Brief Thoughts on The Trojan Women

Known in Latin as the Troades, Euripides's The Trojan Women was said by Aelian's Varia Historica (published in the third century A.D.) to have been performed for the first time in 415 BC at the 91st Olympiad. Ultimately, he won second place, losing to Xenocles, a now lost Athenian tragedian. The Trojan Women was part three of a group of three tragedies … Continue reading Brief Thoughts on The Trojan Women

What Is Tragic About Greek Tragedy? Euripides’s Hecuba Considered

Euripides's Hecuba is perhaps the most bleak of the Greek tragedies. It takes place shortly after the sack of Troy by the Achaeans. The few remaining Trojans have been either killed or enslaved by the Greeks. Hecuba, Queen of Troy and wife of Priam, has been captured and enslaved by Odysseus. Like Job, the her life has had … Continue reading What Is Tragic About Greek Tragedy? Euripides’s Hecuba Considered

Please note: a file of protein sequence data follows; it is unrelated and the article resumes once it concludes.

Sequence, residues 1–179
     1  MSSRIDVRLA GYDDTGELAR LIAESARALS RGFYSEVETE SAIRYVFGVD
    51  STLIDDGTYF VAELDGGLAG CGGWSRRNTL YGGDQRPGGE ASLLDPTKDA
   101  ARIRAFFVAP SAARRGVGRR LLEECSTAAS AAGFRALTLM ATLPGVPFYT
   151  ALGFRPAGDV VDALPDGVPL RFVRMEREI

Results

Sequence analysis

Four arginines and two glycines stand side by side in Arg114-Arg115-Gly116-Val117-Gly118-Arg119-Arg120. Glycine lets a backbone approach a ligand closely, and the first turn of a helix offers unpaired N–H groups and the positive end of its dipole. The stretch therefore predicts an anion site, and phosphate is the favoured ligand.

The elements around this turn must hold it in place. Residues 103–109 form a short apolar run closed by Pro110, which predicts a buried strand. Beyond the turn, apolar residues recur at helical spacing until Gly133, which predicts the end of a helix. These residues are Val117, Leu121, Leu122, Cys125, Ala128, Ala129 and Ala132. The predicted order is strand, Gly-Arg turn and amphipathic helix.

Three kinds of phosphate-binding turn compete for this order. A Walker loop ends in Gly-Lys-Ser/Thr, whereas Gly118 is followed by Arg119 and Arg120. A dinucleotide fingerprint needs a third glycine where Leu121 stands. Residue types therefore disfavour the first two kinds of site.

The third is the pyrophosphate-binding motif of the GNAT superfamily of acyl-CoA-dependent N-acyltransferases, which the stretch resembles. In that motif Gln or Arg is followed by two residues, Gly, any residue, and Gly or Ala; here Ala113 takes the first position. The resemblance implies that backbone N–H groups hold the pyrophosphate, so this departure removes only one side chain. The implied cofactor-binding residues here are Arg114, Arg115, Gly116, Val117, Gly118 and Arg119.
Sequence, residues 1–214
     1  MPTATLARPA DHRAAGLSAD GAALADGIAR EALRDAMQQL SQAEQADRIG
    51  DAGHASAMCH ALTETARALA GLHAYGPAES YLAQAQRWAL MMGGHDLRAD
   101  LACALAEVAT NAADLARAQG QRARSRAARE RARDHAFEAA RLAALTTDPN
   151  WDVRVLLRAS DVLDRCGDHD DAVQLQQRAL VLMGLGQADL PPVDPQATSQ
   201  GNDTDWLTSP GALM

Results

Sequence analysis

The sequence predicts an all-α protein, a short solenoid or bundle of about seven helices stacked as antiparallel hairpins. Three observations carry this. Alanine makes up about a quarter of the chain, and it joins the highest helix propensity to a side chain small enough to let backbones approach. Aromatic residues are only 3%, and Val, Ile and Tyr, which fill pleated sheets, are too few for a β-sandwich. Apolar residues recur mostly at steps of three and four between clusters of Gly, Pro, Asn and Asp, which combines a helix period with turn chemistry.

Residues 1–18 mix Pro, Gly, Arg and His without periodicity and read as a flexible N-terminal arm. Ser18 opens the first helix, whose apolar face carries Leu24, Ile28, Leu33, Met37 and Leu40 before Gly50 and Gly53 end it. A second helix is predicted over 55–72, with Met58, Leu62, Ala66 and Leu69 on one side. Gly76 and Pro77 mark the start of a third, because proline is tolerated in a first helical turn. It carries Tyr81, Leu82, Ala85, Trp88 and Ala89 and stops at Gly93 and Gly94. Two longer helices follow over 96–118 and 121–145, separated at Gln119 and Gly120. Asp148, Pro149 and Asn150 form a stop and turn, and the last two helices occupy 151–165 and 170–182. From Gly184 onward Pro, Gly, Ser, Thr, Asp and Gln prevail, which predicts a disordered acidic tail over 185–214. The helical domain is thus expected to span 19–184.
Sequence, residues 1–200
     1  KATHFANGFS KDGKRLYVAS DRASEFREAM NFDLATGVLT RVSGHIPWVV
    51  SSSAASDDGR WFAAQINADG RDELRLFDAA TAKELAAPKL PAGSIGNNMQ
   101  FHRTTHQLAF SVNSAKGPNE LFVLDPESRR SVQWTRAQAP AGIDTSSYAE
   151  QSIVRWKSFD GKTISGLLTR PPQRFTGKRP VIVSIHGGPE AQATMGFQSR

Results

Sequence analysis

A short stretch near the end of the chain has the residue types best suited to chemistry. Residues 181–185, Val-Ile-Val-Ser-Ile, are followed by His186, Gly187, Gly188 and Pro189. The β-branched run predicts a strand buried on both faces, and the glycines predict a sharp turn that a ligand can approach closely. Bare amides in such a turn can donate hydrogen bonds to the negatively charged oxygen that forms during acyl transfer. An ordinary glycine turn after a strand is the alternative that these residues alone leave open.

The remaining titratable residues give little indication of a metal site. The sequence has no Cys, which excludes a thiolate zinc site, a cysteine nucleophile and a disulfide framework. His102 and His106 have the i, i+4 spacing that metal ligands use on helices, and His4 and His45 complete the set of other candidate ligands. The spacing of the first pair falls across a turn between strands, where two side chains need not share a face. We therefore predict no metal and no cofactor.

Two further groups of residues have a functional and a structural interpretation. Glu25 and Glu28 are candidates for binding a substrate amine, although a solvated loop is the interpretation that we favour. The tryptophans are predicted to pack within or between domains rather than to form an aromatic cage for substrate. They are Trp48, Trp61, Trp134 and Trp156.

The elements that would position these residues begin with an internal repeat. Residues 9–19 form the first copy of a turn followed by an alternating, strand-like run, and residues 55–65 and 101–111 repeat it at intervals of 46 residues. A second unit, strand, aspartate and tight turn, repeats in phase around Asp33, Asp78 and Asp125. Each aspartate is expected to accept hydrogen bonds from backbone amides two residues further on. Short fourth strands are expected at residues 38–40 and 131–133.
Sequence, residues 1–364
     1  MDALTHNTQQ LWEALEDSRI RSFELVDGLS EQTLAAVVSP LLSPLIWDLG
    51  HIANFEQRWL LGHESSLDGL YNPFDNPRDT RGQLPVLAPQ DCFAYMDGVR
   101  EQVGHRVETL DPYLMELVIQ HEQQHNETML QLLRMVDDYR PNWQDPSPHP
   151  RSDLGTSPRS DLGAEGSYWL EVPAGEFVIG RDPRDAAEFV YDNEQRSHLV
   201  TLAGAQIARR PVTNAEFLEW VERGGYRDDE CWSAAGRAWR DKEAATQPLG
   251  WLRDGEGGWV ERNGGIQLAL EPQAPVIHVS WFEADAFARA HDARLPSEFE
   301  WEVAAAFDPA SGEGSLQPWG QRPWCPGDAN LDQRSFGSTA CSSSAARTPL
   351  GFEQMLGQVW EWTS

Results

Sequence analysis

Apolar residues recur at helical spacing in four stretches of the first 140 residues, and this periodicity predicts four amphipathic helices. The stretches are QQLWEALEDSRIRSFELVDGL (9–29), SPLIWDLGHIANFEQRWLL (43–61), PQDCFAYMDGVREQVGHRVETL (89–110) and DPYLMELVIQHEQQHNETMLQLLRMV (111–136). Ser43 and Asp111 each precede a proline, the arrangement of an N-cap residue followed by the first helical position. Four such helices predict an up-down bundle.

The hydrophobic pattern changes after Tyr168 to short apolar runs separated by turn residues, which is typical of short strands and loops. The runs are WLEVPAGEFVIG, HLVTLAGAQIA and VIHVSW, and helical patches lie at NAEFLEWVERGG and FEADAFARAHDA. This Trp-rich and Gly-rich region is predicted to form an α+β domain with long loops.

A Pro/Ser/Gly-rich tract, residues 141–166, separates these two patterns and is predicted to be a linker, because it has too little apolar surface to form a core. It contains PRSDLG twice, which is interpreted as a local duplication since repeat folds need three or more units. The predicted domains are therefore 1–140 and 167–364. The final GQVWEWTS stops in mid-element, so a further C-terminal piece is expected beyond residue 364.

The Old Dark House

The Old Dark House (1932) Director: James Whale James Whale was the successful horror film director of great repute in the 1930s, directing films like Frankenstein (1931), The Invisible Man (1933), and Bride of Frankenstein (1935). His production, The Old Dark House (1932) was based on J.B. Priestly's 1927 novel Benighted and it starred the great Boris Karloff, among others. It is a loopy cult-classic, … Continue reading The Old Dark House

The Mummy

The Mummy (1932) Director: Karl Freund Produced by Carl Laemmie Jr. and starring the great Boris Karloff of Frankenstein fame, The Mummy is a surprisingly fun movie. It tells the story of Imhotep, an ancient Egyptian mummy that is accidentally reincarnated by a group of archeologists - one of whom reads the cursed "Scroll of Thoth". After being … Continue reading The Mummy